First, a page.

Here is a quick command reference for mdadm utility.

Creating an Array

Linear mode

Append two partitions/block devices to each other, not necessary same size.

#mdadm --create --verbose /dev/md1 --level=linear --raid-devices=2 /dev/sda3 /dev/sdb4


The following command create md0, raid0(stripe), two disk partitions(same size), chunk size 128k(default 64k), verbose output, two partitions get access in parallel.

# mdadm -Cv /dev/md0 -l0 -n2 -c128 /dev/sdd1 /dev/sdc1

Raid1 with spare

Two disk partitions, mirror to each other, the third one is the spare disk(sdd1) which can take over the failed partition.

# mdadm -Cv /dev/md0 -l1 -n2 -c128 /dev/sdd1 /dev/sdc1 --spare-devices=1 /dev/sdd1


Mdadm doesn't support raid3, Raid4 is rarely used, it support block level stripping with a dedicated spare disk.

 #mdadm --create --verbose /dev/md0 --level=4 --raid-devices=3 /dev/sdb1 /dev/sdc1 /dev/sdd1 --spare-devices=1 /dev/sde1


The following commad creates a raid5 array, chunk size 128k, using device /dev/sda1,/dev/sdb1,/dev/sdc1,/dev/sdd1,/dev/sde1

#mdadm -Cv /dev/md0 -l5 -n5 -c128 /dev/sd{a,b,c,d,e}1
mdadm: layout defaults to left-symmetric
mdadm: array /dev/md0 started.


Like RAID5, but with two parity segment in each block stripe.

#mdadm -Cv /dev/md1 -l6  /dev/sda1 /dev/sdb1 /dev/sdc1 /dev/sdd1 /dev/sde1 /dev/sdf1 


Take number of mirrorsets, and stripe across them as RAID0

# mdadm -Cv /dev/md0 -l10 -n2 -c128 /dev/sdd1 /dev/sdc1 --spare-devices=1 /dev/sdd1

Note: RAID10 is different with raid 1+0

Save the configuration

Use the command to save/update mdadm.conf

mdadm --detail --scan >> /etc/mdadm.conf

Check currenty array status

The output of /proc/mdstat below shows the array is at good condition

 #cat /proc/mdstat 
Personalities : [raid10]
md1 : active raid10 sdc1[0] sdd1[1]
      244195904 blocks 2 near-copies [2/2] [UU]
unused devices: <none>

Misc mode, Get, Exam array info from device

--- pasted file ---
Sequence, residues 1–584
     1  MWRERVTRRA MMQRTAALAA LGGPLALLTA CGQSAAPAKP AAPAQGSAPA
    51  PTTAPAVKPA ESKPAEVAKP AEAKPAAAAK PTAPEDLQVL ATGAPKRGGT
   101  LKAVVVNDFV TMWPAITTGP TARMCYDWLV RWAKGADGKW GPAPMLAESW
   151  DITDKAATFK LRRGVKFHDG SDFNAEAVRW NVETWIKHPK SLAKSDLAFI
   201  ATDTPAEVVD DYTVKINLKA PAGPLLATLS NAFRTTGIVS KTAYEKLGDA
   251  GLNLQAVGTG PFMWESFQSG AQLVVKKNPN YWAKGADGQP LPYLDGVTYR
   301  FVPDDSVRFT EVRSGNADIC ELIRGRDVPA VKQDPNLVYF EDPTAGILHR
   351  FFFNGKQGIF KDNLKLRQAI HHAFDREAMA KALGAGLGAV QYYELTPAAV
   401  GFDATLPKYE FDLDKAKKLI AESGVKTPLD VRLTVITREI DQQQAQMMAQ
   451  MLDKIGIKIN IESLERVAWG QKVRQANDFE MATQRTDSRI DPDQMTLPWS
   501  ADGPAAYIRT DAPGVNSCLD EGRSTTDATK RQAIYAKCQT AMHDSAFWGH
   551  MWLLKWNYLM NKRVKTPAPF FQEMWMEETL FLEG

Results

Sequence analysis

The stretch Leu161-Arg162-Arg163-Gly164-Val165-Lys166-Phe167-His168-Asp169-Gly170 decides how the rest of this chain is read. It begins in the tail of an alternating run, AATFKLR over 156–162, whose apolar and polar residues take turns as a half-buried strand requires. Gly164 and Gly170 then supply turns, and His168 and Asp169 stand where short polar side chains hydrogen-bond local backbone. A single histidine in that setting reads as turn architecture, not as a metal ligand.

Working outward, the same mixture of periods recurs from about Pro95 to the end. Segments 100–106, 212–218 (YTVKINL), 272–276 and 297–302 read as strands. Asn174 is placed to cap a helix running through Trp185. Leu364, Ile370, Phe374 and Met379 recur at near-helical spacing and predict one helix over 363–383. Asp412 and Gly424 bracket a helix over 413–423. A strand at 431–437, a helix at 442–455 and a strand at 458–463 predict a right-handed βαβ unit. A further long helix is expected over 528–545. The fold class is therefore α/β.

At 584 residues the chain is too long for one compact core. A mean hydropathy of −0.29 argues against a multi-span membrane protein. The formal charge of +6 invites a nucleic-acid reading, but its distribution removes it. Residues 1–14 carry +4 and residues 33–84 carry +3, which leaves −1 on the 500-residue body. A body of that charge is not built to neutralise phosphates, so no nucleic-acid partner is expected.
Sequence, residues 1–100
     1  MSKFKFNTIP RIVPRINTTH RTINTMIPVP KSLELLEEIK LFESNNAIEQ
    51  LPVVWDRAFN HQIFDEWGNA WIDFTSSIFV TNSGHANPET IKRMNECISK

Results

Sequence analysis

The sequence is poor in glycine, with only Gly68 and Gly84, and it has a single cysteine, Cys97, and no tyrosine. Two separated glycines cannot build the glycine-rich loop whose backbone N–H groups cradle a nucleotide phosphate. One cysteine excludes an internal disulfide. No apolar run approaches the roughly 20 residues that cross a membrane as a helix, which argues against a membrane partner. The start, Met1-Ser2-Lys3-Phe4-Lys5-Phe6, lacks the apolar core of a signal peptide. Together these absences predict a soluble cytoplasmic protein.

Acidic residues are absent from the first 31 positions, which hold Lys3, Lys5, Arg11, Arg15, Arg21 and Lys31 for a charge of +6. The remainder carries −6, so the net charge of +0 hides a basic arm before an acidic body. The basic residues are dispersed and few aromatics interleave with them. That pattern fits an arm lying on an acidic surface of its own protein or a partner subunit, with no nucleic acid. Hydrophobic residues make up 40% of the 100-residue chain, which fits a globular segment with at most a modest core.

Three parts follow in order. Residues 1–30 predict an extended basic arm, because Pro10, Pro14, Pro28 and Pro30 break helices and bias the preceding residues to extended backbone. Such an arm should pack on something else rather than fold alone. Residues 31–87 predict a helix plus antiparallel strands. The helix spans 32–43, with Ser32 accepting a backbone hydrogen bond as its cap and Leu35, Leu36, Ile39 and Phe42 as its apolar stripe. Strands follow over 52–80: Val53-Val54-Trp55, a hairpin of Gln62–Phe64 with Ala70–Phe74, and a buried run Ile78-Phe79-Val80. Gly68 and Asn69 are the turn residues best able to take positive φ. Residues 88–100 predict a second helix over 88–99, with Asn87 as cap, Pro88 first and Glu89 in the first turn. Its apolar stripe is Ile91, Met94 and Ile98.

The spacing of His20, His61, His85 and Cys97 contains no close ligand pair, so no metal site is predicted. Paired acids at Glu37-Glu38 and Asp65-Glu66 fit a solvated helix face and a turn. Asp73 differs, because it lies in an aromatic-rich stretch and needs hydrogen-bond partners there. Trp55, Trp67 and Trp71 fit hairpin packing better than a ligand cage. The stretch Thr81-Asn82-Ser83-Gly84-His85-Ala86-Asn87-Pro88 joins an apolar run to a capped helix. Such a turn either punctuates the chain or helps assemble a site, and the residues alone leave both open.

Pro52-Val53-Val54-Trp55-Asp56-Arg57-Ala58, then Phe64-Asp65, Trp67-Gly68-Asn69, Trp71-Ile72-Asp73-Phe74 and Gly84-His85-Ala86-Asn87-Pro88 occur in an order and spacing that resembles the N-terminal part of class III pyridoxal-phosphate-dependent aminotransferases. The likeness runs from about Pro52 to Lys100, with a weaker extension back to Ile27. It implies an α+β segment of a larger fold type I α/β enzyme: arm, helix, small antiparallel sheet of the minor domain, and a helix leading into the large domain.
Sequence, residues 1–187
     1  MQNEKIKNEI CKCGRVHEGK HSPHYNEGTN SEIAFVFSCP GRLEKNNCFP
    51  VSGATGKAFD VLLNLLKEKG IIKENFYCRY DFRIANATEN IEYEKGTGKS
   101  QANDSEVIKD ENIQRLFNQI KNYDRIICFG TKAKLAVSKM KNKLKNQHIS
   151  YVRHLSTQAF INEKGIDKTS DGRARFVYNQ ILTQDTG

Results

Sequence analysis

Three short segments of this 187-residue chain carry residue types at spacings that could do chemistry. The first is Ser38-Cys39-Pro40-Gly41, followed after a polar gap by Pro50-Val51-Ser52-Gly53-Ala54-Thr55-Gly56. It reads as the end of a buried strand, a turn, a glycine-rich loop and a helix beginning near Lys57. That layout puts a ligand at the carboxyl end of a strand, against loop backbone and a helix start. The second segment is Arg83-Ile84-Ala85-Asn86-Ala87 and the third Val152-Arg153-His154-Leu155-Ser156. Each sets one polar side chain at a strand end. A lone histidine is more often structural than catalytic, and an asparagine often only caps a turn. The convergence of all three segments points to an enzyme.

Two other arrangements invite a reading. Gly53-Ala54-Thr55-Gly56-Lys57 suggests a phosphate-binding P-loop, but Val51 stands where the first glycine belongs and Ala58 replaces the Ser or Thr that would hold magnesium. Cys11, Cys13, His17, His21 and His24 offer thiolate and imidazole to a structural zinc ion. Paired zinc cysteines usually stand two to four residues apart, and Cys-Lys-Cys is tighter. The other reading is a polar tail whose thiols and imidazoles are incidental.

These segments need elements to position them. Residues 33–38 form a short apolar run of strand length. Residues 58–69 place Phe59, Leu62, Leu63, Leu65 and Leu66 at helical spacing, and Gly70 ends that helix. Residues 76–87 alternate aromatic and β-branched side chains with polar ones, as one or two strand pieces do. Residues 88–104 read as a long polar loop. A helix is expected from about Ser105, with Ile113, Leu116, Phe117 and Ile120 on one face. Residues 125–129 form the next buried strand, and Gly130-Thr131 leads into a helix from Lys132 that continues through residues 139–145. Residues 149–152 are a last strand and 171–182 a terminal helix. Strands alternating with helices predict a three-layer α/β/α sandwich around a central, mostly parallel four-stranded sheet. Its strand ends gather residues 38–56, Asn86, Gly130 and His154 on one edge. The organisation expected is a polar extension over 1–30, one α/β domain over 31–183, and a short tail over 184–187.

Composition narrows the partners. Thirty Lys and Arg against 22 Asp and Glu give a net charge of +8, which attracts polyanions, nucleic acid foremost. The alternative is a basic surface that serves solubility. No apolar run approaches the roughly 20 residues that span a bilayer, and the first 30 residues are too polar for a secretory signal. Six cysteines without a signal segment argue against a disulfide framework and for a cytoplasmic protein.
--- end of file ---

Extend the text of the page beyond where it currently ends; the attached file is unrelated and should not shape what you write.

Query Array             

#mdadm --query /dev/md1

Examine array

The examine options (-E or --examine) allows you to print the md superblock (if present) from a block device that could be an array component.

#mdadm -E /dev/sdc1

Array detail info

Check an array's detail info

#mdadm --detail /dev/md

Assemble mode, Start, Stop, rename, and check an Array

Assemble mode is used to start an array that already exists

Stop an array

#mdadm -S /dev/md1

Start an array

If you created the array like below

#mdadm -Cv /dev/md0 -l5 -n5 -c128 /dev/sd{a,b,c,d,e}1

then, run

#mdadm --assemble /dev/md0 /dev/sd{a,b,c,d,e}1

Or, run

# mdadm -As /dev/md0
-A stands for Assemble
-s stands for scan

Or for simple md device case

#mdadm --assemble --scan

In more complex situation, if you only want to specify an arry to start, run

#mdadm --scan --assemble --uuid=a26bf396:31389f83:0df1722d:f404fe4c

Note: mdadm --run /dev/md0 doesn't work

Rename an Array

Option 1, on the fly

#mdadm --detail /dev/md1 ## get detail physical drive info
#mdadm -S /dev/md1
#mdadm --assemble /dev/md2 --super-minor=0 --update=super-minor /dev/sdc1 /dev/sdd1

Option 2, reboot machine

Change the array name in /etc/mdadm.conf, then reboot the machine, the array will come up as new name.(Remember change fstab entry if device name is used)

Managing Arrays

Fail a disk in an array

#mdadm /dev/md1 --fail /dev/sdc1

Remove a disk from an array

#mdadm /dev/md1 --remove /dev/sdc1

Add a disk to an array

 #mdadm /dev/md1 --fail /dev/sdc1

Follow, or Monitor, mode

Monitor a md device

The following command will monitor /dev/md0 (polling every 300 seconds) for critical events. When a fatal error occurs, mdadm will send an email to sysadmin. You can tailor the polling interval and email address to meet your needs. 

#mdadm --monitor --mail=root --delay=300 /dev/md0  

You can also specify -y option to let mdadm write log into syslog.

#mdadm --monitor --mail=root --delay=300 -y /dev/md0 

Set monitor to permenant.

On linux, commonly people just enable mdmonitor, which is a put mdadm to backgroup  daemon mode, it uses the following options.

          chkconfig mdmonitor on
          chkconfig --list mdmonitor
          mdmonitor          0:off    1:off    2:on    3:on    4:on    5:on    6:off   
By default, it uses the following options
          OPTIONS="--monitor --scan -f --pid-file=$PIDFILE"

To test monitoring function, try

          mdadm --monitor  -t /dev/md1